But then Mary came running in to tell us the tomb was empty. We did not believe her. It wasn’t that her words were false but how could a man rise from the dead and live again? Even though we had seen it happen with Mary and Martha’s brother, Lazarus, we still could not believe that it was true. Even though Jesus Himself had told us that this would happen, we did not believe it.
Peter and John ran to the tomb to confirm this. And Mary then told us that she had seen Jesus and that He was alive. She told us that she was not to touch Him but that she should tell us to return to Galilee and He would meet us there.
Then, it became clear. Everything that Jesus had said over three years, every illusion or mention of resurrection and everlasting life, every mention of what was to come began to make sense. Jesus did escape from the tomb and the movement that He began three years before was not finished but just beginning.
I was there that first Sunday morning. Despite the efforts of many powerful politicians and religious leaders, I saw that the Gospel message that I had heard and seen take place for three years was to continue. And that is why I come to you today. Because Easter Sunday is not simply the proclamation of Jesus Christ’s Resurrection and triumph of sin and death; it is the proclamation that the Gospel message continues.
Over the next few days, many and more of our friends, our neighbors and the disciples will become aware of this celebration. We will gather together on the shores of the Sea of Galilee and be with our friend, our teacher, and our Lord. We will meet Him on the road to Emmaus and He will join us in our groups, wherever we are. And we will prepare to take the Good News that Jesus Christ is our Savior and that there is hope in a world where there may not seem to be hope. We will begin to take this message beyond the Galilee and out into the world..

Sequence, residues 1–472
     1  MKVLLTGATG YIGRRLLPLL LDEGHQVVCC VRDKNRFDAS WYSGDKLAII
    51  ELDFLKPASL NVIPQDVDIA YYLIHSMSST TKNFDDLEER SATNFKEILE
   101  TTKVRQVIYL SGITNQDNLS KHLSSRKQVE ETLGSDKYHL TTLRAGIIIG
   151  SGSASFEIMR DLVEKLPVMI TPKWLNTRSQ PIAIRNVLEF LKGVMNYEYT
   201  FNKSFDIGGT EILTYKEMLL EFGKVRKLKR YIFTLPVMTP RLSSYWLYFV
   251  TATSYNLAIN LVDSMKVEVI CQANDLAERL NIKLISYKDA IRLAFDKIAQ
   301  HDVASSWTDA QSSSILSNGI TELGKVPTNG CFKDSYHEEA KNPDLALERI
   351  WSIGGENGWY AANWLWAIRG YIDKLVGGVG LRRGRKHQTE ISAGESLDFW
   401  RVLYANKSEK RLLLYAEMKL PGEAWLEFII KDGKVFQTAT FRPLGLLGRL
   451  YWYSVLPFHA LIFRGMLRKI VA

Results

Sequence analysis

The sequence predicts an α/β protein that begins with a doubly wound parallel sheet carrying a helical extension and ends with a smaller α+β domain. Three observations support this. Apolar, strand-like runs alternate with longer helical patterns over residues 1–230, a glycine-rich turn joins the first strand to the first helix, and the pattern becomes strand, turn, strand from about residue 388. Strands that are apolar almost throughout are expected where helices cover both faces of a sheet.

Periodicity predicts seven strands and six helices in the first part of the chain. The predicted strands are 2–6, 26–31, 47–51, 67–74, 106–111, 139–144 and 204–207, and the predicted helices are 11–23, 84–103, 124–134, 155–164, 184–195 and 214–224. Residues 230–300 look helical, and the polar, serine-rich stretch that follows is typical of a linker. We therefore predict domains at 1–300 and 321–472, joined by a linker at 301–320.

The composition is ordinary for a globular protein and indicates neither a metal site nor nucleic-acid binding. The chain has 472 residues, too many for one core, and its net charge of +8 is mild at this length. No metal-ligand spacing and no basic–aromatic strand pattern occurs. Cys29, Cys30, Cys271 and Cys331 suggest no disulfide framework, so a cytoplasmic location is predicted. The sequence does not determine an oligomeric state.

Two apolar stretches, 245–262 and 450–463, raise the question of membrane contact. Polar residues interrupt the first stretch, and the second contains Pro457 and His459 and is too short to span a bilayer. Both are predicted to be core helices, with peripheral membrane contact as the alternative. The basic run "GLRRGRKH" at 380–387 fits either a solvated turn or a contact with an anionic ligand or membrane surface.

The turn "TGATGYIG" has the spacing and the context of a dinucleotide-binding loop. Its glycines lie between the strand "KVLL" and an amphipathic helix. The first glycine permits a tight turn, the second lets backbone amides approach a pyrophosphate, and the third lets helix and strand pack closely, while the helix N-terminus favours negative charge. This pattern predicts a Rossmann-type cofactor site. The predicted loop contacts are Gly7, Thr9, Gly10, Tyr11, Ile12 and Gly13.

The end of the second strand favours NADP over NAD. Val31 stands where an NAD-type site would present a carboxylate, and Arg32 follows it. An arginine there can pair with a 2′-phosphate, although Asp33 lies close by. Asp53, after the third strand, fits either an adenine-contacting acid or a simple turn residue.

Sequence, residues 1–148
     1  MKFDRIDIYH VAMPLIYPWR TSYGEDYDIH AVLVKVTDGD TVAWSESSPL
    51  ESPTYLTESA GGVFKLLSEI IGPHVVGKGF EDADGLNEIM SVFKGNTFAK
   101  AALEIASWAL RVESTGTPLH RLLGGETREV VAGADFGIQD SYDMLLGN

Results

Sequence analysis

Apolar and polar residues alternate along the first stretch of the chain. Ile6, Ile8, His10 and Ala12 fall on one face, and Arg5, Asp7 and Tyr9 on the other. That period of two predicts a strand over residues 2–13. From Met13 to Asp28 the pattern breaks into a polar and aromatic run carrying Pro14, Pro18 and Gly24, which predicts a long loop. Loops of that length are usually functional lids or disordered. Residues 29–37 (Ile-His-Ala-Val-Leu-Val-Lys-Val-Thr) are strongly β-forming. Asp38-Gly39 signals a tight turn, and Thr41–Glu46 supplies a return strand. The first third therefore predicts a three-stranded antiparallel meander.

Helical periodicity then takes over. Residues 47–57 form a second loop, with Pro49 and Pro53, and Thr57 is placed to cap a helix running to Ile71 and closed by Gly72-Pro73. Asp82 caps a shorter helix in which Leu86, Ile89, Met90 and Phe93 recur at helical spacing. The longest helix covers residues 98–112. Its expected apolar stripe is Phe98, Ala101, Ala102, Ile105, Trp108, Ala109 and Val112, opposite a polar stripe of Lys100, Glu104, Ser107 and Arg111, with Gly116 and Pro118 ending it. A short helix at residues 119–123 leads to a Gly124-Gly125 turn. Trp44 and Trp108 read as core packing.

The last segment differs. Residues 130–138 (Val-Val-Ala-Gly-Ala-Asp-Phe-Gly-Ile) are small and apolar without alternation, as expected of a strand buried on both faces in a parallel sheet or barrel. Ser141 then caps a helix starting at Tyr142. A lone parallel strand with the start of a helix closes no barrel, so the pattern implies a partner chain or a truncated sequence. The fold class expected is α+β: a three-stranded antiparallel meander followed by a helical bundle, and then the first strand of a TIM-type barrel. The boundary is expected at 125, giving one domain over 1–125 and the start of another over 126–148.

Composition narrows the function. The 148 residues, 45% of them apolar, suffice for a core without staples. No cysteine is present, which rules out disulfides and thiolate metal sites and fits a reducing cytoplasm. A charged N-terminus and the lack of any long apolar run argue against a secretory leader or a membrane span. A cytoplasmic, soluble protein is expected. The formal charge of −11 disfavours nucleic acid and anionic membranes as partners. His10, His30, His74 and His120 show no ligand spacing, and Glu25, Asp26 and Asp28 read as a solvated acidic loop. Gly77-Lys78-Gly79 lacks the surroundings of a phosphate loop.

My friend Thomas and I will begin a journey to worlds we never even knew existed before we became disciples. Like John and Charles Wesley later, I will go to Georgia. It will not be an easy life, but we were told that early on. And though we may suffer, we understand what we will gain.
I leave you today with these thoughts. When I first met Christ, it was clear that my most hidden thoughts of my mind and my soul were open to the One who would send His Son to seek us out. And just as God used Philip to bring me to Jesus, so does He use each one of us to reveal Christ to the world. He will find ways to use us in ways that we cannot understand at this moment; He will give us the words and the confidence that we need at those times when our words and confidence disappear.
And as He Himself said on that first encounter, we will see things that will bring the Glory of God to life in this world. We celebrate today because today we know that Christ has indeed risen. Alleluia and Amen!